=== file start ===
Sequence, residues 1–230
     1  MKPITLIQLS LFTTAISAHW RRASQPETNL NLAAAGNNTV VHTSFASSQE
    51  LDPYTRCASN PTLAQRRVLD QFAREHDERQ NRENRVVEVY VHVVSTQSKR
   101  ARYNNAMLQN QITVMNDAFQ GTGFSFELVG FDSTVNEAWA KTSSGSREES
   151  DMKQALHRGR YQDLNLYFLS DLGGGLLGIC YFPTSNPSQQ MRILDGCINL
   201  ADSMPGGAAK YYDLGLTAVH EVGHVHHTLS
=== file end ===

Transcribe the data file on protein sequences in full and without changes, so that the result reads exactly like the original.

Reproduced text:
Sequence, residues 1–230
     1  MKPITLIQLS LFTTAISAHW RRASQPETNL NLAAAGNNTV VHTSFASSQE
    51  LDPYTRCASN PTLAQRRVLD QFAREHDERQ NRENRVVEVY VHVVSTQSKR
   101  ARYNNAMLQN QITVMNDAFQ GTGFSFELVG FDSTVNEAWA KTSSGSREES
   151  DMKQALHRGR YQDLNLYFLS DLGGGLLGIC YFPTSNPSQQ MRILDGCINL
   201  ADSMPGGAAK YYDLGLTAVH EVGHVHHTLS